Q1) Number of years in Management: 7 Years
Q2) Tell us about your path to management:
My path to management started at 12 years old, on the day that I wrote a letter to 10 parents in my church telling them instead of keeping their children at home on Sundays, bring them to my house so I can teach them songs and plays that I wrote. It was 22 years ago in Haiti. Interestingly, all 10 parents trusted me and started bringing all of their kids to my house every Sunday. I was surprised they all agreed. From then on, I started volunteering my name for any leadership positions whether at church or in school, thus starting the train of youngest president or supervisor. My first social work management position happened when I applied for a role I had no seniority for, and I got it. Managing people who believe they were supposed to be my supervisors was the most challenging moment for me as a manager. I think that is one of the reasons I love entrepreneurship, fewer office politics, more of the things I love. Still need interpersonal skills, but 75% of the work is self-management.
Q3) What leadership qualities do you find to be the most effective in reaching your organizational or career goals?
Clear communication, transparency, and delegating tasks.
Q4) How do you motivate your team members?
Acknowledgment and connecting their vision to the organizational goals. When I was a supervisor at a mental health housing agency, I used to sit with each of my team members and listen to their life aspirations (school, work, dreams, etc…), then I used that knowledge to assign tasks. When I contract with people for my company, I look whether their vision aligns a little with mine. That way, they are already self-motivated. Another way is acknowledging team members’ work right when they turn it in and not waiting until a staff meeting or a big event.
Q5) Is there a leader or mentor who has inspired or assisted you along your professional journey?
I have several people whom I consider my mentors, most of them don’t know it. I think citing their names would make it awkward for the next time I schedule that check-in phone call, email, or text. I pull inspiration mostly from women in my environment who are not afraid to be the first anywhere. I have a long list of women who have willingly given hours of their time coaching me how to do things or opening the doors for me to places that would take me years to get.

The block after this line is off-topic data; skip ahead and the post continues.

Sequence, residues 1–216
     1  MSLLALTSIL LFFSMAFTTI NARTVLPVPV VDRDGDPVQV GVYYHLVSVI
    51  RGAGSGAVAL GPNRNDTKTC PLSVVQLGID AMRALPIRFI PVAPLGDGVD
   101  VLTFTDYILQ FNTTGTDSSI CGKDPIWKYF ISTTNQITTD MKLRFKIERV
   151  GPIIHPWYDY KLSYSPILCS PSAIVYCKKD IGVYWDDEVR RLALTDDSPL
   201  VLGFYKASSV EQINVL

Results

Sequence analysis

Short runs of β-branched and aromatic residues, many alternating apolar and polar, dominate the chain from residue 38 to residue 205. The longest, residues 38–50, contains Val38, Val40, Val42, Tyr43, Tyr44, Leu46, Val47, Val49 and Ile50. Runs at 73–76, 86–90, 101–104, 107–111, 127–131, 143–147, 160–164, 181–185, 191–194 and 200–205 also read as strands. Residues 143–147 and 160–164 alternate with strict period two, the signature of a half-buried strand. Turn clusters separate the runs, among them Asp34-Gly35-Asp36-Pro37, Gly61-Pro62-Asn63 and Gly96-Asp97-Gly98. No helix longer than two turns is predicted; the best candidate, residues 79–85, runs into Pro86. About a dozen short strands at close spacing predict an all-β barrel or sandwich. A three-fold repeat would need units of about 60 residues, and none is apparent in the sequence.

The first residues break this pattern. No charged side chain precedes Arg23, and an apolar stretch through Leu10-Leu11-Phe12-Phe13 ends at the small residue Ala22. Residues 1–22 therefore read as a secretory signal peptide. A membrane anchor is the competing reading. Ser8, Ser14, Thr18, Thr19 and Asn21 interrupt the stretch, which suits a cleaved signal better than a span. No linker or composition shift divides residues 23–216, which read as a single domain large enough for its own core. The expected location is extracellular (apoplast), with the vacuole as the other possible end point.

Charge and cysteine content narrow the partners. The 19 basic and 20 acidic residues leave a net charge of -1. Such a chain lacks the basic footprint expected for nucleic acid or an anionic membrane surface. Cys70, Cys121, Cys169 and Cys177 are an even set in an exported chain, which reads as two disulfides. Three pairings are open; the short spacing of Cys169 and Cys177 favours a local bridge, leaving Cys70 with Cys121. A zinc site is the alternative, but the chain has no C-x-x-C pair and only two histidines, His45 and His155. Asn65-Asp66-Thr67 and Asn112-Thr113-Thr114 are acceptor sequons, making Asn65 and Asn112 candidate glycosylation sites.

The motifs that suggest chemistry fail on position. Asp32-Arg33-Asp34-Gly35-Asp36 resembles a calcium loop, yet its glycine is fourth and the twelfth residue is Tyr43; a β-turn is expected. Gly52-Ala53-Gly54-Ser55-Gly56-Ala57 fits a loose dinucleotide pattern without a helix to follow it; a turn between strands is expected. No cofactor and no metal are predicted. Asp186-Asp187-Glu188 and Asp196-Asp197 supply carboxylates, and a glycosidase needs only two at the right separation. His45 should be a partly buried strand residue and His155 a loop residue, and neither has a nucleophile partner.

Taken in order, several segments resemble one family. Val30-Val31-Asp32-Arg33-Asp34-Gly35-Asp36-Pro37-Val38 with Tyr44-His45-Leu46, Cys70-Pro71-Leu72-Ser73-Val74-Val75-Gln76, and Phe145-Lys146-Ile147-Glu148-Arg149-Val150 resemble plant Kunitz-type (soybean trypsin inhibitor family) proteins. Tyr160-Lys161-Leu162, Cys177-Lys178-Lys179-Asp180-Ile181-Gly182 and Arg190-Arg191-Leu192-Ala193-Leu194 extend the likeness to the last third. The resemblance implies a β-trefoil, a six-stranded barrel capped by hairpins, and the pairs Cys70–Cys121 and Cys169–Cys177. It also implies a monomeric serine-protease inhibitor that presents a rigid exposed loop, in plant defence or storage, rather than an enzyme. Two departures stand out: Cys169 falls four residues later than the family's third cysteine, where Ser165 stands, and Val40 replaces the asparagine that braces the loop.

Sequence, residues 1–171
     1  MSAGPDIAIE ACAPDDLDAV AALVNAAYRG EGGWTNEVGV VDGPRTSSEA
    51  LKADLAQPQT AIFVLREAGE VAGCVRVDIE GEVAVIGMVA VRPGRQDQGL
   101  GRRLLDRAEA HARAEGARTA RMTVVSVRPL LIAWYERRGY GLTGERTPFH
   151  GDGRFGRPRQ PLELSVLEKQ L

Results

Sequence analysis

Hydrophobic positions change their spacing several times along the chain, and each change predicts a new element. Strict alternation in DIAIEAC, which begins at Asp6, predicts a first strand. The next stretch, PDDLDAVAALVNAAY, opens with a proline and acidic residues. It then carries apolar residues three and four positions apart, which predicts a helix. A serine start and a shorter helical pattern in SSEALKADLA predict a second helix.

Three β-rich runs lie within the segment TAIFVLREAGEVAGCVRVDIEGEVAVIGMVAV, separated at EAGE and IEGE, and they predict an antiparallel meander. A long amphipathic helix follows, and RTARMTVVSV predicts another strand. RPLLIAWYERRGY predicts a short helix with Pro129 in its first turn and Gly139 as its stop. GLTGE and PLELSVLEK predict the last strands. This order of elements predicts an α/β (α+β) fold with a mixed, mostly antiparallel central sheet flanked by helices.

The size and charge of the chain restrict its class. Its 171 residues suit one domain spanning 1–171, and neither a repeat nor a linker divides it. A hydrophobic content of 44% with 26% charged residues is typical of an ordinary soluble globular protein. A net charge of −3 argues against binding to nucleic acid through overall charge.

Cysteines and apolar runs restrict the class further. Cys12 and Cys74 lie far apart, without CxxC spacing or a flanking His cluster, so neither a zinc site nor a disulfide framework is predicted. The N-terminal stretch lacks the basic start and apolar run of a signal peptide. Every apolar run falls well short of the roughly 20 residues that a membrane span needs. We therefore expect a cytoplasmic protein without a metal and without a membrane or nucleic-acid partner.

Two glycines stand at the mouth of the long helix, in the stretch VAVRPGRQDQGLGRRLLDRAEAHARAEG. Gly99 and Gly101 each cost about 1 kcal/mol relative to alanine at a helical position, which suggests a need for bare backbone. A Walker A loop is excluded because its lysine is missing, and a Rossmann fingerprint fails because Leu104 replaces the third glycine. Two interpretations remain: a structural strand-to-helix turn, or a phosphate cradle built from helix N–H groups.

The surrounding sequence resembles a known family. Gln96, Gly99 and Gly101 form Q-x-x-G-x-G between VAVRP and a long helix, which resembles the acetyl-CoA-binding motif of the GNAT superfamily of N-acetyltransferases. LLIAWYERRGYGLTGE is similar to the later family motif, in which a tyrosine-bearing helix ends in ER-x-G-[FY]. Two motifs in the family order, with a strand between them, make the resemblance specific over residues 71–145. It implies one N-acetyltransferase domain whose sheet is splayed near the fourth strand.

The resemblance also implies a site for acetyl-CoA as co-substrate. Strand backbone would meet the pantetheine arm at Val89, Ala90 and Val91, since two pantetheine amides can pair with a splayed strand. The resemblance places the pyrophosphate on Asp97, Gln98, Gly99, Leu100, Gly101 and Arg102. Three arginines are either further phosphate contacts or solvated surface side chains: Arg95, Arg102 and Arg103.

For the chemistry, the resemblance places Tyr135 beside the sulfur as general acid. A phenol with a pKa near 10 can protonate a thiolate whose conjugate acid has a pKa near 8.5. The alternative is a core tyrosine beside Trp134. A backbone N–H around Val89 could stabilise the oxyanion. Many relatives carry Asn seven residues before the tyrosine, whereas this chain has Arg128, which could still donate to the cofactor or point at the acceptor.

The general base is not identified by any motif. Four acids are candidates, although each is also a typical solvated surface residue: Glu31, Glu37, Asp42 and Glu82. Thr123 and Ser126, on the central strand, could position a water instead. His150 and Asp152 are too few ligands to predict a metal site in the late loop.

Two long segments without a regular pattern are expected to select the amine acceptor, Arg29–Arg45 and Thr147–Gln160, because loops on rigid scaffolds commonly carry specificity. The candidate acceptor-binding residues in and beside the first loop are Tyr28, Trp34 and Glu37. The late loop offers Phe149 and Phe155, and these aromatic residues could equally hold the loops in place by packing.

Q6) How has networking impacted your career?
My entire entrepreneurship journey is based on networking. The thing is I rarely attend networking events. However, I enjoy genuine conversations, and I show genuine curiosity about people’s passions. Active listening is a social work skill that I have used to network. Then they usually ask me about my own aspirations and before you know it they have 2 or 3 people in their network they want to connect me with.
Q7) What are you reading and/or following now (books, blogs, social media groups, etc.)?
I just returned these two books “Email Marketing for Dummies” and “Influencer: Building Your Personal Brand in the Age of Social Media” by Brittany Hennesy.
Q8) What advice do you have for those beginning their professional journey or who are already in leadership positions?
Always take a second look at the things that you are not qualified for. Most of the time, you are. It’s just that whoever wrote the job description was probably not thinking about someone like you.
Q9) Do you have an initiative or project you would like to tell our readers about?
Yes. I just launched my first quarterly box at La Distinction Co called “The Faith and Dreams” Signature Box. It has a faith-based planner that I created specifically for Christian entrepreneurs, a journal, an empowering and unique mug, and a hand-poured beeswax candle. All of which can be found at ladistinctionco.com.
Q10) What do you wish you had known before you started your career?
I wish someone had empowered me to venture on my own earlier. I had a lot of fear about not having someone to supervise me. It took a pandemic to make me realize I can totally do this, and If I fail, I can try again.
Q11)Share a mistake or failure that provided the most growth in your career.
Not relying on the strength of my peers. I experienced a season of intense burnout because I was afraid to delegate. I thought anything less than my personal standard would not cut it. I did not know what it was at the time, but looking back now, I saw so many things that would have been just fine without my presence. This was a valuable lesson learned!
Q12) Where can people reach you for questions (LinkedIn, Facebook, Twitter, e-mail address)?
Instagram @patriciamdesert @ladistinctionco or
email anytime email@example.com
*The views expressed herein are those solely of the author and not necessarily endorsed by the Network for Social Work Management.